You can read 9 more articles this month
West Yorkshire Playhouse
Until March 3
Alice Howland, a professional at the top of her game, is diagnosed at the age of 50 with early-onset Alzheimer’s and is compelled to confront her new reality and draw on her resilience to remain independent for as long as possible.
Alice, played by Sharon Small (pictured) in this adaptation of the acclaimed novel, strives to remain true to the woman she has always been, while relationships shift within her family, in her work and most importantly with herself.
Still Alice is an uncompromising yet tender work which truthfully acknowledges life with a regressive disease.
IN 1986, the 22-year-old Courtney Pine appeared on the front of NME — the only Black British jazz artist ever to do so – and in an interview told the weekly: “You know I’m doing this for a reason.”
Some 30 years later he still is and, in this concert, he's doing it for Jazz for Labour.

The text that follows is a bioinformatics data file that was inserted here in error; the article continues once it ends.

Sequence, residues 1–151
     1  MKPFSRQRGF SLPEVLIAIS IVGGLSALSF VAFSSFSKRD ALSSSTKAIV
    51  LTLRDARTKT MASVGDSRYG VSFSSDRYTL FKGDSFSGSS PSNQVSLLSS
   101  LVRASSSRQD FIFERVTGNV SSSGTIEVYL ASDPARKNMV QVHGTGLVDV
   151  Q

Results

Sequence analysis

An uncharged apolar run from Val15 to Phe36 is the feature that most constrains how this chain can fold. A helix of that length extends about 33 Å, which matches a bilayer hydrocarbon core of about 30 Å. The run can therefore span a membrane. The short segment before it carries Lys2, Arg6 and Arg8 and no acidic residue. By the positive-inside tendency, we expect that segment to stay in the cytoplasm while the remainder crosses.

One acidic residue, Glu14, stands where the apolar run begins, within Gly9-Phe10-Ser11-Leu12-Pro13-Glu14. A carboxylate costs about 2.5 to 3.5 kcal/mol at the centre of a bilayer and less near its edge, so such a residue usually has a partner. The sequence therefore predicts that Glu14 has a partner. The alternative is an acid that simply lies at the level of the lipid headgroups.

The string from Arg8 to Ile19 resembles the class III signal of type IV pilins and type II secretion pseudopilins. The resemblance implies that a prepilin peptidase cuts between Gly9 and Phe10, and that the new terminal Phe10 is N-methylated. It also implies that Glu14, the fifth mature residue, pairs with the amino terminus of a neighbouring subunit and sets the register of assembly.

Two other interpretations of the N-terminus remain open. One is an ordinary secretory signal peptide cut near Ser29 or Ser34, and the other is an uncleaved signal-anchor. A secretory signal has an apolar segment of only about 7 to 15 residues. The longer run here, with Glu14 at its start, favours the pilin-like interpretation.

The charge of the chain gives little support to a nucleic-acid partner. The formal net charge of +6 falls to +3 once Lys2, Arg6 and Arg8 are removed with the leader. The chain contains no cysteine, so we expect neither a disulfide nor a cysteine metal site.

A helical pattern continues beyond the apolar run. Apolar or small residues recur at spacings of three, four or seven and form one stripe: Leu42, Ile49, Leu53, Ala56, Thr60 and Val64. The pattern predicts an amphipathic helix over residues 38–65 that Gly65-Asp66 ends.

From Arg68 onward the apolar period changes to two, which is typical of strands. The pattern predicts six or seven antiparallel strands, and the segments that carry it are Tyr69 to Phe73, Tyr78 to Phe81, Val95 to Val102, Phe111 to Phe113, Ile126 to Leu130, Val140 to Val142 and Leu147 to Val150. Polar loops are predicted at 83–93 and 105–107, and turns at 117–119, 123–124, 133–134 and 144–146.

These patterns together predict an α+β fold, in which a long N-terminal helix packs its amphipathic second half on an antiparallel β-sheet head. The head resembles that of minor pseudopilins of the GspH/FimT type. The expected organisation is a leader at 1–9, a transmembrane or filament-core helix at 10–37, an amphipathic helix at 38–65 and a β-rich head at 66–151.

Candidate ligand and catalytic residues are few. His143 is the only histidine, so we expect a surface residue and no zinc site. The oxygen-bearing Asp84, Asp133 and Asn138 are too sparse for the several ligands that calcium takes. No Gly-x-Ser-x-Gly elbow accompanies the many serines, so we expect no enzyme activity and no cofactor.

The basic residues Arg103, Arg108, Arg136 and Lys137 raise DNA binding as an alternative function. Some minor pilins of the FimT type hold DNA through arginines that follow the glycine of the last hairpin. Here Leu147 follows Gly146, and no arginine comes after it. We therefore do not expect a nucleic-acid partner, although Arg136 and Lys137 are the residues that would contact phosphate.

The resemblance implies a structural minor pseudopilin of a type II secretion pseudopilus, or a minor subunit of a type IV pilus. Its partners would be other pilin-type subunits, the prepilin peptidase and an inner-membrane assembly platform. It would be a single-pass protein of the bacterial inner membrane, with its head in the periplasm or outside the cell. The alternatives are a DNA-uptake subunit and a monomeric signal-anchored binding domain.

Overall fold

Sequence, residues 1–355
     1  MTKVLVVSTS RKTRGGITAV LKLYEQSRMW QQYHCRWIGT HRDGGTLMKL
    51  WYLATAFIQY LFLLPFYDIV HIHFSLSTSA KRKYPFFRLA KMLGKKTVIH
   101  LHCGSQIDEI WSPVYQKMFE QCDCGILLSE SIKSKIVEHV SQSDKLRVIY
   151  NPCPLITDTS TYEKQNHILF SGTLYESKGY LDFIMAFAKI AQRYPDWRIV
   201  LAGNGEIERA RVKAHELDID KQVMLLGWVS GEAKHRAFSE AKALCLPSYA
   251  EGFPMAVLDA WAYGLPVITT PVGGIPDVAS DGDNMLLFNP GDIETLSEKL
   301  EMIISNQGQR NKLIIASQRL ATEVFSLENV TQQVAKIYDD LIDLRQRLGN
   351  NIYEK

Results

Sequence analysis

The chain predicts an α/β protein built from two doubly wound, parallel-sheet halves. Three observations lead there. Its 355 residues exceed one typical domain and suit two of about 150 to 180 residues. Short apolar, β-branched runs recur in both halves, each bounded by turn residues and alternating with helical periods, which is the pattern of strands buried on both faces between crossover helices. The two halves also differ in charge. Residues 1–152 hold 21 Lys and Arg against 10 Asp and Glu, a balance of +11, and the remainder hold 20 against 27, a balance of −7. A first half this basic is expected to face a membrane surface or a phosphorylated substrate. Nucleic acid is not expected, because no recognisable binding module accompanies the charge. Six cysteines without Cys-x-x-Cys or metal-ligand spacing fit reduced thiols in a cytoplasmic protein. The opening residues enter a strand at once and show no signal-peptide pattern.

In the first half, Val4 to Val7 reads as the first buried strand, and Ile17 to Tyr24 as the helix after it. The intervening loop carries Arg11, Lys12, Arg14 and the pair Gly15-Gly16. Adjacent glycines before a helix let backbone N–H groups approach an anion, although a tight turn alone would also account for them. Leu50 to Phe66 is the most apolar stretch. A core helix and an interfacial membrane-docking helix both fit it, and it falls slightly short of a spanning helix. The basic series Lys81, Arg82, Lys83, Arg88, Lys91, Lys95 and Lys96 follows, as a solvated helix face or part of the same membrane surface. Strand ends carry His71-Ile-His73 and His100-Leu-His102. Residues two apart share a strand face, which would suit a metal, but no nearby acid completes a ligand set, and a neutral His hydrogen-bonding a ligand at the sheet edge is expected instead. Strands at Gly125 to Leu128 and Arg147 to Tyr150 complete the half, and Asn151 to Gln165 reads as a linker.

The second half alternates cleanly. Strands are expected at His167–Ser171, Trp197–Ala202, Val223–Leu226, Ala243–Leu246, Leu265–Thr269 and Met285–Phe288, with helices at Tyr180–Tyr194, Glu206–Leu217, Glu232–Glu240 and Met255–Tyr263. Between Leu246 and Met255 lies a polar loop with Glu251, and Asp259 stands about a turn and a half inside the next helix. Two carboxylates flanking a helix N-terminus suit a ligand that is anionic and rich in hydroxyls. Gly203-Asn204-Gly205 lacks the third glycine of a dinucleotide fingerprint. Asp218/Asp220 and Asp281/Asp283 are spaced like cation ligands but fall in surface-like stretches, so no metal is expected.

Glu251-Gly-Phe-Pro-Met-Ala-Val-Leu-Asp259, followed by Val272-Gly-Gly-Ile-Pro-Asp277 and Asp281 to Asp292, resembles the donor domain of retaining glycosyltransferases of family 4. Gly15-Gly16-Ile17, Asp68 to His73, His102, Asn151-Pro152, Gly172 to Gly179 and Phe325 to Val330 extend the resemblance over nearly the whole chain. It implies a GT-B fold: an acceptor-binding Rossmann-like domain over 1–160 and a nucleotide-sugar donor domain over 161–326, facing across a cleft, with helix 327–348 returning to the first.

The legendary jazz musician is playing a full set encompassing the 30 years he has towered over the British jazz scene, incorporating a wide range of his rich and deep repertoire drawn from his 16 studio albums.
There'll also be an appearance by a major Labour front bencher at what promises to be an outstanding night out.
Picasso 1932: Love, Fame, Tragedy
March 8-September 9
The only things missing from the title of this exhibition are exclamation marks and it seems as if there's a rather spurious intent to its curation — to cash in (tickets an eye-watering £22) on the inexhaustible public interest in one of the greatest artist of the last century.
On show are 100 paintings, sculptures and drawings, mixed with family photographs and, the blurb promises, “rare glimpses into his personal life.”
Revealing Munnings: Rediscovered drawings from the NUA archives
St Andrews Street
Until February 17
The 14 drawings by Alfred Munnings, on public display for the first time, demonstrate the artist's expertise as a draughtsman and his aptitude for capturing human
and animal form while he was a student at the Norwich School of Art, now Norwich University of the Arts, in the late-19th century.
The drawings are in urgent need of conservation and the university is launching a public appeal for help to raise the funds necessary to preserve these extraordinary works for future generations.
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